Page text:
Community activists, scholars, and theatre artists describe their Theatre of the Oppressed work and how they are transforming Theatre of the Oppressed for new purposes, new audiences, and new settings. Authors describe how their work both honors and transforms the vision of Augusto Boal, who demonstrated that theatre can be a catalyst for transformational dialogue.

 

 

Culturally Responsive Teaching and the BRAIN: Promoting authentic engagement and rigor among culturally and linguistically diverse students - Z. Hammond

Zaretta Hammond draws on cutting-edge neuroscience research to offer and innovative approach for designing and implementing brain-compatible culturally responsive instruction. The book includes information on how one's culture programs the brain to process data and affects learning relationships. It also includes ten "key moves" to build students' learner operating systems and prepare them to become independent learners.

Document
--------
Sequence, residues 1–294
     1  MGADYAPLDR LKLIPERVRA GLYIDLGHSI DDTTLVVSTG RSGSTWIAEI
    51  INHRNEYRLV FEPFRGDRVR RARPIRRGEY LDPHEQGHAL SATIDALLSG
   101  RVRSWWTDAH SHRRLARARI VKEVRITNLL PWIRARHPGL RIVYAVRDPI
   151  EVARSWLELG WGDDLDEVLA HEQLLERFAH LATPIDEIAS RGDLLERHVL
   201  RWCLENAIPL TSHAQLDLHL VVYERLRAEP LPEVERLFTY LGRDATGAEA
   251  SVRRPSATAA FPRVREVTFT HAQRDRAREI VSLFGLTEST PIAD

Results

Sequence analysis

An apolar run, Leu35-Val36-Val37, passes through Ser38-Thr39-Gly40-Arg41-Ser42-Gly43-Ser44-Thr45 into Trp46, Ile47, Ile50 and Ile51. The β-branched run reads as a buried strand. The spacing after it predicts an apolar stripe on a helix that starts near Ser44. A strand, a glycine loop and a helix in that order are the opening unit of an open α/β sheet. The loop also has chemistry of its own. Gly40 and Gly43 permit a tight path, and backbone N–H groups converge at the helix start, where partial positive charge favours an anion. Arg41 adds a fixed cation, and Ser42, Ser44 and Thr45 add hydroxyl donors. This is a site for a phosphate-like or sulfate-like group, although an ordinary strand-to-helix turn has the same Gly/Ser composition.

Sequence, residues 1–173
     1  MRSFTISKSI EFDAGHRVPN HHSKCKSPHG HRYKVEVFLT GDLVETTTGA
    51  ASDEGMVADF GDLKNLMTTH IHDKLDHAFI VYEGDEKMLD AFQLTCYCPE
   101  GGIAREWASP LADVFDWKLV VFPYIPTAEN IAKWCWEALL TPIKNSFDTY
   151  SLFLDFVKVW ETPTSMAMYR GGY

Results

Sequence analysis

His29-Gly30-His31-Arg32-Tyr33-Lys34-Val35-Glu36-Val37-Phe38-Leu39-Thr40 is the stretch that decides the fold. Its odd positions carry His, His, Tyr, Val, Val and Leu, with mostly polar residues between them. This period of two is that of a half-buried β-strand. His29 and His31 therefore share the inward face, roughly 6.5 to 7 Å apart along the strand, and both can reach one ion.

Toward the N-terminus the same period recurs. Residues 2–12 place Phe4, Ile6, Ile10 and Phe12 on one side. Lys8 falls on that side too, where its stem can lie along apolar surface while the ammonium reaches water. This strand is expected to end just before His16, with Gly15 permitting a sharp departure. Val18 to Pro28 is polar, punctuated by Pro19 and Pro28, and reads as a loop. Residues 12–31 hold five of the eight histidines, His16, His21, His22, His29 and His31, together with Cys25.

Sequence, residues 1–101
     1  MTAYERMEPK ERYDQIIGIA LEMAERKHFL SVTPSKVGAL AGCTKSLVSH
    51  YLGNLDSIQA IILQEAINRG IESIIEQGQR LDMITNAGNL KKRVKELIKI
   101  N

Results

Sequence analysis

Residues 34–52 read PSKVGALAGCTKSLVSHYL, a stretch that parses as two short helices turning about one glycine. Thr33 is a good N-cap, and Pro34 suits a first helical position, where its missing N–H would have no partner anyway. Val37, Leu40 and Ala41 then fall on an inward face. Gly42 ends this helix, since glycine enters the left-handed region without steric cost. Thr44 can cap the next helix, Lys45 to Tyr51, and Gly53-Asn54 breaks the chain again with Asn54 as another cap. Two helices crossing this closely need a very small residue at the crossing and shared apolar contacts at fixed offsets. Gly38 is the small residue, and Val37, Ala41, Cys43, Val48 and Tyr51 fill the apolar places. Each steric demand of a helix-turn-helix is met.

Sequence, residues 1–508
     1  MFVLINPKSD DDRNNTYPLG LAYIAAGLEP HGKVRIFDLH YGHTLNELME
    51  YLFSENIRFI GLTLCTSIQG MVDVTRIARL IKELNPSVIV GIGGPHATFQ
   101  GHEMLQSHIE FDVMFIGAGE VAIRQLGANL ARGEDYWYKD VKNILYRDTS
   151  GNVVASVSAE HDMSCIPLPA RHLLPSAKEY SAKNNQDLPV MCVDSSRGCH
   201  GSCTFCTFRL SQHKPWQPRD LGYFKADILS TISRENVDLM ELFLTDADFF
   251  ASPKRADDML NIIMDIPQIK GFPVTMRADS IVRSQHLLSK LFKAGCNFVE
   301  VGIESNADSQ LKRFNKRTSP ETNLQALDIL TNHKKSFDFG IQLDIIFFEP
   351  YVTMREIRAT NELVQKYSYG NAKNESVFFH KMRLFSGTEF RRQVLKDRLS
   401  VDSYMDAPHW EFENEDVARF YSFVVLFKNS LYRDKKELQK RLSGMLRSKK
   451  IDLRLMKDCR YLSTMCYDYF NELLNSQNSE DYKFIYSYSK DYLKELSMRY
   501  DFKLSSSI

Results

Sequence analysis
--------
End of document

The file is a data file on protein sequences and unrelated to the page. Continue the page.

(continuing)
Rac(e)ing to class: Confronting poverty and race in schools and classrooms - H.R. Milner

Living in poverty matters when it comes to education. While poverty crosses racial lines, Dr. Milner examines the critical issue of how poverty interacts with race to the disadvantage of students. This book helps us confront poverty and race and our own assumptions about people living in poverty, providing specific recommendations of what educators might do.

 

Start where you are, but don't stay there: Understanding diversity, opportunity gaps, and teaching in today's classrooms - H.R. Milner

Dr. Milner's work focuses on a number of case studies to help readers understand the pressing need for pre-service and inservice teachers to be prepared to teach racially diverse student populations. Milner also comments on the opportunity gaps that persist and their need to be fully understood by an educational force who seek to see success for students who come from vastly differing backgrounds and experiences.

 

The Guide for White Women who Teach Black Boys - E. Moore, A. Michael, and M. Penick-Parks